Europe took a significant step as a majority of EU member states voted for a partial ban of three bee-killer pesticides. This, despite fierce behind-the-scenes lobbying from insecticide firms Syngenta and Bayer.  “A series of high-profile scientific studies has linked neonicotinoids to huge losses in the number of queens produced and big increases in “disappeared” bees – those that fail to return from foraging trips. Pesticide manufacturers and UK ministers have argued that the science is inconclusive and that a ban would harm food production, but conservationists say harm stemming from dying pollinators is even greater.” (The Guardian, UK).

Sunflower bees Sailor Stans ©Kim Smith 2012

It  is a landmark vote and was supported by petitions signed by millions of people.  Although it is only a two year ban, the hope is the ban will give the beleaguered bee a break, and allow time for reexamination of data. Under the EU measures, restricions on the following apply: for treating seeds, soil and leaves on flowering crops attractive to bees such as corn, sunflowers and rapeseed (the source of canola oil). The products may still be used on crops like winter wheat for which the danger to bees is deemed to be small. Use by home gardeners will be prohibited.

The three banned insecticides are imidacloprid, thiametoxam, and clothianidin. The neonicotinoid I see commonly listed on pesticides that are readily available to the home gardener is imidacloprid. I urge every home gardener not to use pesticides. I don’t use them, ever, in my own garden, and never in both the private and public gardens that I design and maintain. Several years ago, I reported that Alain Baraton, the head gardener at the Palace of Versailles stopped using pesticides at the palace gardens. Within the year, a natural balance began to take hold in the gardens, including the return of songbirds to the gardens which in turn eat the insects. If the no-pesticide policy is successful at Versailles, which receives millions upon millions of annual visitors, a pestide ban can certainly be implemented for our private homes and public spaces.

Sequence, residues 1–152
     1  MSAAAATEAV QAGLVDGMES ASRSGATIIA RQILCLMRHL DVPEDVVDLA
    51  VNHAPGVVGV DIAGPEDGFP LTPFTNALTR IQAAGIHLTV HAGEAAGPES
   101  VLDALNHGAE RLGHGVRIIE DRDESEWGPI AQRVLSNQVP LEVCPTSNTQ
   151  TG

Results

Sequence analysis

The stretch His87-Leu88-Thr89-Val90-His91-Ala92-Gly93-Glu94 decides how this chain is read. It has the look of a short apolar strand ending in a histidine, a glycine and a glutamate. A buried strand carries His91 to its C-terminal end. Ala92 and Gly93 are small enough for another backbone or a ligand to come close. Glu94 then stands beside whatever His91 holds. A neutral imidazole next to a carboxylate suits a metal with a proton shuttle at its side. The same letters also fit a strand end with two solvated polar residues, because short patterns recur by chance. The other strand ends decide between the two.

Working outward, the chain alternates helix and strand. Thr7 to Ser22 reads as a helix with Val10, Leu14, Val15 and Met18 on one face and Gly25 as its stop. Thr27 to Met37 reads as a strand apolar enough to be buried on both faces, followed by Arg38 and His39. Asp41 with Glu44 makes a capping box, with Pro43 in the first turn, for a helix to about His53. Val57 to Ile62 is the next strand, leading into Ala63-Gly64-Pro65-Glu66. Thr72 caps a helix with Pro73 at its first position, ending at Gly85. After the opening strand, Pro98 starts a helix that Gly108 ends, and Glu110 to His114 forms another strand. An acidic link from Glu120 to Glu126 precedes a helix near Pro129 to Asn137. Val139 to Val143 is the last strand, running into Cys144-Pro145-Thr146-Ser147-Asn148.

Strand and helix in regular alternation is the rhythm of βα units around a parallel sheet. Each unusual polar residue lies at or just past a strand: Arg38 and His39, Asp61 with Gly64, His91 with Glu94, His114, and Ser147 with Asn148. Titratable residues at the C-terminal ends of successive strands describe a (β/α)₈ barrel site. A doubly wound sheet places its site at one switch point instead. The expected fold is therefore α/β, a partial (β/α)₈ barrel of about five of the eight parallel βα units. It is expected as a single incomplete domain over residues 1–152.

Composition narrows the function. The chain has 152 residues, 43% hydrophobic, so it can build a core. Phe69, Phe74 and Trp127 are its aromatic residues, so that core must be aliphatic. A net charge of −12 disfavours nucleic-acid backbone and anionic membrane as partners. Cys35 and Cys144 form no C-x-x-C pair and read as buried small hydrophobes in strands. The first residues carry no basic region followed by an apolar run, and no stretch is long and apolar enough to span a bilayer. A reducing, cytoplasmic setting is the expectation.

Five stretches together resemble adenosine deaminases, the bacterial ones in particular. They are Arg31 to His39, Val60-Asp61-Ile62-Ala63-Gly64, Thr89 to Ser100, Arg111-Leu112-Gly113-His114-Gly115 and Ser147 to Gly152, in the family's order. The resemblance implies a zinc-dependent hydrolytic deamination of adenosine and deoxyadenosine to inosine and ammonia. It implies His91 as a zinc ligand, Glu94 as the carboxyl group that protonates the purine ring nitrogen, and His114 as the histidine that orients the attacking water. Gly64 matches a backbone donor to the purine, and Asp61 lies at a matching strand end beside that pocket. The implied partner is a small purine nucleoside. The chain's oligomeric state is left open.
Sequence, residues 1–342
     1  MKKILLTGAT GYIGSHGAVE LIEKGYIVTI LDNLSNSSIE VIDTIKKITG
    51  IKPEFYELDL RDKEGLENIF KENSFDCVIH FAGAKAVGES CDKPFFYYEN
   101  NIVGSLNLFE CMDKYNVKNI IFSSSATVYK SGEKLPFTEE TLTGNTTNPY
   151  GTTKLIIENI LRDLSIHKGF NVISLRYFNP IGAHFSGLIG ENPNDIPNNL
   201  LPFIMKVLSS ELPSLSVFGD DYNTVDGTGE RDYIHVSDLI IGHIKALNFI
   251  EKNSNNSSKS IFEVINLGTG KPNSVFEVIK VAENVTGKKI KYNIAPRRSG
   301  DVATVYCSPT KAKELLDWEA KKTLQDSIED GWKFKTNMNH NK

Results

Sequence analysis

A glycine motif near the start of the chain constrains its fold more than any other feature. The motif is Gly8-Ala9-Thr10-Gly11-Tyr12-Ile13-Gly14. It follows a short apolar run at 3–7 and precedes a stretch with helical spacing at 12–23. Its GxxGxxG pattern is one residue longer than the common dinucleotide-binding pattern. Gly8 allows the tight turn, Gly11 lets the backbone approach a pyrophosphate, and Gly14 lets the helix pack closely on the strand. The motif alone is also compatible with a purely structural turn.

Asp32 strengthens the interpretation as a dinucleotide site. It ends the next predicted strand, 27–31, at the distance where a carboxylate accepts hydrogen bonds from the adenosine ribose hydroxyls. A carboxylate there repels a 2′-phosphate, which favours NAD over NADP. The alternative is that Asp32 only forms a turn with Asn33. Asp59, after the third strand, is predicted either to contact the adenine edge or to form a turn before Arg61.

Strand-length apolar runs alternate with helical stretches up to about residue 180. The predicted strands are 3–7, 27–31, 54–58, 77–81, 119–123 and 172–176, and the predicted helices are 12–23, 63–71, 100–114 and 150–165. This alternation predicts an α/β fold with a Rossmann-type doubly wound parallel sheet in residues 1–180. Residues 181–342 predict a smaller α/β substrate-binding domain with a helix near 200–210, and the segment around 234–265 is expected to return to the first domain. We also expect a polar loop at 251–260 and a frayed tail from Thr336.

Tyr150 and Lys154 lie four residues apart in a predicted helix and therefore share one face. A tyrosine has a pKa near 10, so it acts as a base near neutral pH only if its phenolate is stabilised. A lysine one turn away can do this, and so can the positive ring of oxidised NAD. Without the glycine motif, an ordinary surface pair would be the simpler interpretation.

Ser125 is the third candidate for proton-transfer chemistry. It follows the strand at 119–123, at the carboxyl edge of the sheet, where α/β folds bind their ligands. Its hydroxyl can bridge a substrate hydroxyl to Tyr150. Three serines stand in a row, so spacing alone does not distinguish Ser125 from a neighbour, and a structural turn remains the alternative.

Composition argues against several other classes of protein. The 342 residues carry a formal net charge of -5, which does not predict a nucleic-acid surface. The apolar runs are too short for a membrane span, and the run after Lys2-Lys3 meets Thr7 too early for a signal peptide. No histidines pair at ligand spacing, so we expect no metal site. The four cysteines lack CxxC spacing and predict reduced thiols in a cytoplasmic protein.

Korean daisy for bees©Kim Smith 2011

A dear friend of mine, Heidi Kost-Gross, is Vice Chair of the Natural Resources Commission for the Town of Wellesley (garden club readers–she is also President of the Federated Garden Club of Massachusetts). Heidi has been instrumental in pesticide reduction throughout Massachusetts. The Wellesley Natural Resources Commission has created an outstanding Pesticide Reduction Resource Guide for Citizens and Municipalities of Massachusetts, which is available for free to distribute anything found in the guide.

Magnolia virginiana Eastern Carpenter Bee Kim Smith 2011 copy

Magnolia viginiana and Eastern Carpenter Bee

Flowering Dogwood

Is there a tree more lovely in flower than the North American native dogwood?

Whether flowering with the classic white bracts, the stunning rubra bracts, or the less often seen pale, creamy rose-tinted bracts, our native dogwood (Cornus florida) never ceases to give pause for beauty given.

NATIVE TREES SUPPORT NATIVE POLLINATORS!

At this time of year when traveling along southern New England roadways we are graced by the beauty of the dogwood dotting sunny roadside borders where meets the woodland edge. The bracts and flowers emerge before the leaves, serving only to heighten their loveliness. The fresh beauty of the bract-clad boughs is offset by the impressionistic symphony of tree foliage unfurling, shimmering in hues of apple green, chartruese, moss, and lime peel.

*Bract – A bract is a leaf-like structure surrounding a flower or inflorescence. The colorful bracts of poinsettias, the hot pink bracts of bougainvillea, and the bracts of dogwoods are often mistaken for flower petals.

The open florets (pea-green colored) and unopened buds are surrounded by the rose red-shaded bracts.

Read about how to help prevent an attack by the lethal dogwood anthracnose. Read more

Hips Left after Rose Petals Fall Off

Click this text for the link to my tribute to Rosa Rugosa

Click this text for my Rosa Rugosa Life Cycle Slide show

In the right of the picture you can see the rose hip which is what is left after the flowers fall off of the stems. The rose hips are the fruit which people used to make jam out of in the old days. In a couple months the rose hips will turn orange-red from the present green color.